Role Aids

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Role Aids is a line of role-playing game supplements published by Mayfair Games starting in 1982 intended for use with Advanced Dungeons & Dragons.

Publication history[edit]

As a veteran role-playing gamer, Bill Fawcett decided to get Mayfair Games into the RPG field, and the company kicked off its Role Aids game line with Beastmaker Mountain (1982).[1]: 166  Darwin Bromley was involved with the Chicago Wargaming Association's convention, CWAcon, where Mayfair's first fantasy adventures in their new Role Aids game line were run: Beastmaker Mountain, Nanorien Stones (1982) and Fez I (1982).[1]: 166  With Bromley's legal expertise, he felt that Mayfair could legally use TSR's trademarks as long as they were careful, so beginning with their Dwarves (1982) supplement Mayfair made it clear that they were not the trademark holders by printing on the cover: "Advanced Dungeons & Dragons is a trademark of TSR Hobbies, Inc. Use of the trademark NOT sanctioned by the holder."[1]: 166 

Gary Gygax had advocated arranging a licensing agreement between TSR, Inc. and Mayfair Games for their Role Aids line of game supplements, but was outvoted in the board meeting considering the question.[2]

In the early 1990s, Ray Winninger resurrected the Role Aids line, determined to recreate it with AD&D material that was more sophisticated than what TSR was offering at the time.[1]: 168 

In 1993, Mayfair was sued by TSR, who argued that Role Aids—advertised as compatible with Advanced Dungeons & Dragons—violated their 1984 trademark agreement.[clarification needed] While the court found that some of the line violated their trademark, the line as a whole did not violate the agreement,[3] and Mayfair continued publishing the line until the rights were bought by TSR.



Kelly Grimes and Aaron Allston reviewed the first four products in the Role Aids line, Beastmaker Mountain, Nanorien Stones, Fez I, and Dwarves, and the Role Aids line as a whole in The Space Gamer #58. They commented that "most of the titles are characterized by a great deal of thought, attention to detail, and usefulness, and can indeed provide relief to the harried gamemaster."[4] They noted that "all four are characterized by good printing quality and typesetting, adequate-to-good layout and formatting, average maps, and mediocre art; the folders for the adventures seem sturdy enough and are an innovative touch."[4] They concluded the review by saying: "For the most part, the RoleAids are worth the asking price. Most of the modules share some minor problems. It seems as though each designer decided at some point, 'This is where my contract says I ought to get silly.' Silliness is not inherently wrong for FRPGs – but here it occasionally serves to break a mood that the designers (and DM) might had worked too hard to set."[4]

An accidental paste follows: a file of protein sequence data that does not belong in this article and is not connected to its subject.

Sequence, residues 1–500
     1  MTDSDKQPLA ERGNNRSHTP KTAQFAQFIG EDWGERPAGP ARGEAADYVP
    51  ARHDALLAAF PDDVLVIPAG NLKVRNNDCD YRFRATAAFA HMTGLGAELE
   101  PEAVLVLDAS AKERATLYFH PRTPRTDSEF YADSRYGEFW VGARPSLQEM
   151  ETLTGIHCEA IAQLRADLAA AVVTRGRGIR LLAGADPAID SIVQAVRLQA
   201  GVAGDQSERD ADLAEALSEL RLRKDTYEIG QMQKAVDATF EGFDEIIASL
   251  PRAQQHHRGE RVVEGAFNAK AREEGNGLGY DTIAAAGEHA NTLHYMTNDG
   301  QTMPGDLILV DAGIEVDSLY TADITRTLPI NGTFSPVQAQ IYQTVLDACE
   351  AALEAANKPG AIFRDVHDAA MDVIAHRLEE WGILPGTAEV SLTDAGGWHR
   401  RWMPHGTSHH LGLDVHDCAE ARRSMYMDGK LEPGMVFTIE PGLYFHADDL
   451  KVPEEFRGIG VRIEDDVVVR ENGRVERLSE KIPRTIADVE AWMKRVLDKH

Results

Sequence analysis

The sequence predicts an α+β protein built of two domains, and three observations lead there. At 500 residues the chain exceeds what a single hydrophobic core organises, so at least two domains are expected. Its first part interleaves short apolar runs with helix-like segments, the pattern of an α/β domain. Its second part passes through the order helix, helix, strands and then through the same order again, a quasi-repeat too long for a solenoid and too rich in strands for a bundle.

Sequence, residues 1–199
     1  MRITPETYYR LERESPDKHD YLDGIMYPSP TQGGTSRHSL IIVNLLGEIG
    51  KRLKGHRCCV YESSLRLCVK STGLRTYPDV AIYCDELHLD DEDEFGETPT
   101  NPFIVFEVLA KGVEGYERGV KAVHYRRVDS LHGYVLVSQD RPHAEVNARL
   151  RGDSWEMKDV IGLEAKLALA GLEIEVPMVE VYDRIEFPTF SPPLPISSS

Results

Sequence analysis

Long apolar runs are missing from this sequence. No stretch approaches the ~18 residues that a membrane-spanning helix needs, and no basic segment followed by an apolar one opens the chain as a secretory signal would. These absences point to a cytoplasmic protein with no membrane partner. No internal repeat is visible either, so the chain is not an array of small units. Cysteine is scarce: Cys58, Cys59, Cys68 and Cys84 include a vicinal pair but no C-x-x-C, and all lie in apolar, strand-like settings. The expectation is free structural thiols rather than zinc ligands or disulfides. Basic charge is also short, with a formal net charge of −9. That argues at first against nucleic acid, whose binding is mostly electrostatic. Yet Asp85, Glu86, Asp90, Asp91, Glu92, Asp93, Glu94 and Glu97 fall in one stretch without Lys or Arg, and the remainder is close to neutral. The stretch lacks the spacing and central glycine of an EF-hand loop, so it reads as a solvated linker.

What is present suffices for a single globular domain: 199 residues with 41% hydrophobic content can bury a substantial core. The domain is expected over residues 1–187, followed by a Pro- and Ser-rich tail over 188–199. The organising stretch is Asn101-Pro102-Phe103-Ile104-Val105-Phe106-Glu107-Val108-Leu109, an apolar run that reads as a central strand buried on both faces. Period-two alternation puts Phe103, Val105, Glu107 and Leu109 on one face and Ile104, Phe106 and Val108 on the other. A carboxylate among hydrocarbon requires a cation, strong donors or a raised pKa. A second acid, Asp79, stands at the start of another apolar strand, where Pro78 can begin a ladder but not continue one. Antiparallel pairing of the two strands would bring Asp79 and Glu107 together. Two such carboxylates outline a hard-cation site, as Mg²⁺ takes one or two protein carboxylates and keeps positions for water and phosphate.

Rick Swan commented on the line in The Space Gamer No. 72: "Gamers new to Dungeons & Dragons are often surprised to discover that TSR isn't the only company producing suitable roleplaying material. Mayfair is among the best of them, and their RoleAids series is certainly worth checking out by any Dungeons & Dragons fan. Unlike so many so-called 'universal' roleplaying modules, which can require extensive reworking before they're in a playable format, RoleAids modules have been designed with D&D specifically in mind."[5]


  1. ^ a b c d Shannon Appelcline (2011). Designers & Dragons. Mongoose Publishing. ISBN 978-1-907702-58-7.
  2. ^ Sacco, Ciro Alessandro. "The Ultimate Interview with Gary Gygax". Retrieved October 24, 2008.
  3. ^ TSR, Inc. v. Mayfair Games, Inc., 1993 WL 79272 (N.D. Ill.)
  4. ^ a b c Grimes, Kelly; Allston, Aaron (December 1982). "Role Aids: Featured Review". The Space Gamer. Steve Jackson Games (58): 8–10.[1]
  5. ^ Swan, Rick (January–February 1985). "Capsule Reviews". The Space Gamer. Steve Jackson Games (72): 36.